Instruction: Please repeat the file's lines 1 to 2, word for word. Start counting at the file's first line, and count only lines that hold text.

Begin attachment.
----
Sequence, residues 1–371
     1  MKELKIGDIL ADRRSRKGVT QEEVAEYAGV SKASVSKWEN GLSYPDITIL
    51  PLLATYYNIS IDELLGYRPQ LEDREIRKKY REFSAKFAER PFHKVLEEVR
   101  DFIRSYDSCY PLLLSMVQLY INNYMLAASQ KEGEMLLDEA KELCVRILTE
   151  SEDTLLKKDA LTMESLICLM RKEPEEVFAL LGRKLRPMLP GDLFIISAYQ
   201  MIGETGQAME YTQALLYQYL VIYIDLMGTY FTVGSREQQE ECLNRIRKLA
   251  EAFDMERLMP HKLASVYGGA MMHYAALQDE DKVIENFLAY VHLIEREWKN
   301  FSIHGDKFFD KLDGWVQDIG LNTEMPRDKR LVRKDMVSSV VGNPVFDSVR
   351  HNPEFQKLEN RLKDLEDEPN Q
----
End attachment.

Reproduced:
Sequence, residues 1–371
     1  MKELKIGDIL ADRRSRKGVT QEEVAEYAGV SKASVSKWEN GLSYPDITIL